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Jose Raul Capablanca vs Alexander Alekhine
"Cambridge Springs Eternal" (game of the day Nov-20-2016)
Capablanca - Alekhine World Championship Match (1927), Buenos Aires ARG, rd 7, Sep-30
Queen's Gambit Declined: Cambridge Springs Variation (D52)  ·  1-0



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Kibitzer's Corner
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Premium Chessgames Member
  Richard Taylor: <paavoh: @Richard Taylor: Nazi Germany occupied Estonia in 1941, so Keres was not located in Soviet Union. Indeed, Wikipedia on Keres says this:

"With the Nazi invasion of the Soviet Union on June 22, 1941, Estonia came under German control soon afterwards. During 1942 and 1943, Keres and Alekhine both played in four tournaments organized by Ehrhardt Post, a President of Nazi Grossdeutscher Schachbund. Alekhine won at the Salzburg 1942 chess tournament (Six Grandmasters' Tournament) in June 1942, at Munich (European Individual Chess Championship) in September 1942, and at Prague (International Tournament) in April 1943, always ahead of Keres, who placed second in all three of those tournaments. They tied for first at Salzburg (Six Grandmasters' Tournament) in June 1943, with 7½/10.">

Keres though was never considered to be a collaborator as Alekhine was. His basic honesty was never in doubt despite these vicissitudes of border changes. Pachman was able to watch Alekhine play during the war but he isn't under a cloud. Alekhine though was or is (under a cloud, but there was no trial or anything so it is still not a certainty what his real situation was).

But after the war it seemed that eventually Botvinnik was ready to play him (it had been arranged) despite the controversy. But he fell drunk and raving from a hotel window to his death and so they played the 1948 World Championships.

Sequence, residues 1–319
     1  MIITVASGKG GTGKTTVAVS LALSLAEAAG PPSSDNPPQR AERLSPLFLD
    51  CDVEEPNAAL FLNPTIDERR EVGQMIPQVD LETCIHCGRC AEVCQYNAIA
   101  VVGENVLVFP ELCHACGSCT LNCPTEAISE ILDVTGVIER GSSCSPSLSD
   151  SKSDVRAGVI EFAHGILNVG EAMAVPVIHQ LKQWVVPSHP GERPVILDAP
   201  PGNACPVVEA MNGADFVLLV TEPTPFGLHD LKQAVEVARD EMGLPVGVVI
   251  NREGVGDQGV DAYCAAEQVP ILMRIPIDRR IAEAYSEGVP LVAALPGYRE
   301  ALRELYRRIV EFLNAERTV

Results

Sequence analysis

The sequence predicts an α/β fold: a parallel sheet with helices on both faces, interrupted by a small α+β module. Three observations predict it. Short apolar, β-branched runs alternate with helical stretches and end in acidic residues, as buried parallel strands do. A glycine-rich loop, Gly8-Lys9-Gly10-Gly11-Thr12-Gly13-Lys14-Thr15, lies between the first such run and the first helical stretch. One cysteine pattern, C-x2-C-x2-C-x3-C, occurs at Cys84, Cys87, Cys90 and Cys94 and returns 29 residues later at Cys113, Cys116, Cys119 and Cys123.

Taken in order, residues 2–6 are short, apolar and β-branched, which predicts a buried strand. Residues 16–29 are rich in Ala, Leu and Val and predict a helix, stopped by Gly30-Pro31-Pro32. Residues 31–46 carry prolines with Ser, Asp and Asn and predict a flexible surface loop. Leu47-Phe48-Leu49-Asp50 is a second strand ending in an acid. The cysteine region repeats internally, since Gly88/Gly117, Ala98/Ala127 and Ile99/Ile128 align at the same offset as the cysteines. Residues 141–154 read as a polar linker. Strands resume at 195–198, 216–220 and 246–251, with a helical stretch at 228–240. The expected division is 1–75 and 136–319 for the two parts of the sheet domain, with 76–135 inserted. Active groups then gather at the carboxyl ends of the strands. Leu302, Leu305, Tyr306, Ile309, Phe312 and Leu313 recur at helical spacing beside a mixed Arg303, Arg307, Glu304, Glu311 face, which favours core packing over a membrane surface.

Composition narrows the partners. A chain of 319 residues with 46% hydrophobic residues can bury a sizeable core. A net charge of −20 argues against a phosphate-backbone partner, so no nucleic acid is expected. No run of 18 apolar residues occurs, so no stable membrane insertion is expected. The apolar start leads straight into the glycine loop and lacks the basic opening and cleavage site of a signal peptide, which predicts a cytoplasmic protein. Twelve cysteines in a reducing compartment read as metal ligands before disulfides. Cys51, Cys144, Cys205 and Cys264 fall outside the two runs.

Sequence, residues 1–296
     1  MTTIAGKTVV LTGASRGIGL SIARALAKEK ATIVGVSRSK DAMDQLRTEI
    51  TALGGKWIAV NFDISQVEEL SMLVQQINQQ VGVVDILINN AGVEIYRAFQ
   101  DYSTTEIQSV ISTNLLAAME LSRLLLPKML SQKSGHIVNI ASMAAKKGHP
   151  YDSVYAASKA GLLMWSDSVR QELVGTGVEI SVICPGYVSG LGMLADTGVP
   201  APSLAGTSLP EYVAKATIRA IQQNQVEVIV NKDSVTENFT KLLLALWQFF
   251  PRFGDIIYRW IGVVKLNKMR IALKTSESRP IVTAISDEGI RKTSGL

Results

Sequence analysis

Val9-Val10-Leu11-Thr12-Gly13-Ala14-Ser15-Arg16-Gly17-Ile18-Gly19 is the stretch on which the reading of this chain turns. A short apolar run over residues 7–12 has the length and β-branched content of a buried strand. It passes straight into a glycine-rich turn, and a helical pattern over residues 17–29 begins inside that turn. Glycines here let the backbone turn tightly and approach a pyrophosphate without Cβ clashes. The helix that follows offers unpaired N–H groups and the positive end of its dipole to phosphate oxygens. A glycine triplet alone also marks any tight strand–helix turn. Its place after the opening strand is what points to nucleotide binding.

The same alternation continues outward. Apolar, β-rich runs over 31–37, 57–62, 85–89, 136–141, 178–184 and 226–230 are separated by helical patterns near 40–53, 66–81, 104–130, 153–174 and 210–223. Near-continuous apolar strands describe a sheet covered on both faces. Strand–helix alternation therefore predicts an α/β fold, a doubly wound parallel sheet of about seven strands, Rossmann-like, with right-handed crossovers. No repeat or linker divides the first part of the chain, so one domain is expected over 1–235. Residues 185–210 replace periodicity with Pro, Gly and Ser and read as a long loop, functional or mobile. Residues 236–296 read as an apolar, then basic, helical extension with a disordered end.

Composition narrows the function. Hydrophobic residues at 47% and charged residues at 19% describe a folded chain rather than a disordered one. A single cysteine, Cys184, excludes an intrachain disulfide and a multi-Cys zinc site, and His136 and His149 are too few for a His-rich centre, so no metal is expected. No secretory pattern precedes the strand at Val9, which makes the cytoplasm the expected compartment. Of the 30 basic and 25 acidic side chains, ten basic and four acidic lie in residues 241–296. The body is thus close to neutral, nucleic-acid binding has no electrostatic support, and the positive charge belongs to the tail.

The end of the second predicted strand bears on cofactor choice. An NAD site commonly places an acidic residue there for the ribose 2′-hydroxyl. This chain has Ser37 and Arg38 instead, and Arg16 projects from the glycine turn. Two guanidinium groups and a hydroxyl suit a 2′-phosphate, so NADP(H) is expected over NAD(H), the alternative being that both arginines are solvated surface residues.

When I peer into the photographs of Alekhine I am sure I see the face of evil but this might be an illusion created...

We have to also consider the old saw:

'The first casualty of war is truth.'

Jun-29-17  morfishine: <Richard Taylor> There is no face of evil. Alekhine was a good fellow who soldiered on despite huge adversity. He lost his fortune not once, but twice: during WWI, then during WWII


Jun-29-17  Petrosianic: Does losing your fortune make you a good person?

Alekhine wasn't a fiend, but he does seem to have been quite a Machiavellian character, and his career is still under a cloud over his Nazi collaboration.

Jun-30-17  aliejin: "Does losing your fortune make you a good person?" A stupid question of course

Lose fortune, exile, and overcome
It speaks of great merit.
Being a Nazi collaborator is a bad thing since
Current standards. Judge the behaviors
Of the past with the current standards
Is an anachronism. Another error, in which it falls Over and over again on this site

Being a Nazi at that time, among other things, meant opposing To the "communist red tide" ... something welcome By vast sectors.

There were millions and millions
Of people who honestly
They understood Nazism as a behavior
Correct. Surely (maybe not ...)
Understood their mistake with the passage of time ....

Jun-30-17  Petrosianic: <aliejin>: <"Does losing your fortune make you a good person?" A stupid question of course

Lose fortune, exile, and overcome
It speaks of great merit.>

You're confusing ethics with perseverance. You're also confusing losing the fortune with perseverance. I think we can agree that perseverance is a positive trait, but that really wasn't the question.

Jul-01-17  aliejin: Alekhine went ahead playing chess, did not commit illicit. Until the fide organized the fight for the title, Everybody did what they wanted
with its title, situation that was not something abnormal for the time.
That Alekhine was something like the "demon
Of tazmania" is only Jewish advertising.
Premium Chessgames Member
  Johnnysaysthankyou: Capablanca has this almost psychic way of deceiving his opponents, of leading them astray. The positions he creates have a delusion to them. It always looks like Capablanca is losing, always looks like he is worse, but then he wins, and you scratch your head. The deception is unreal, but very very real at the same time.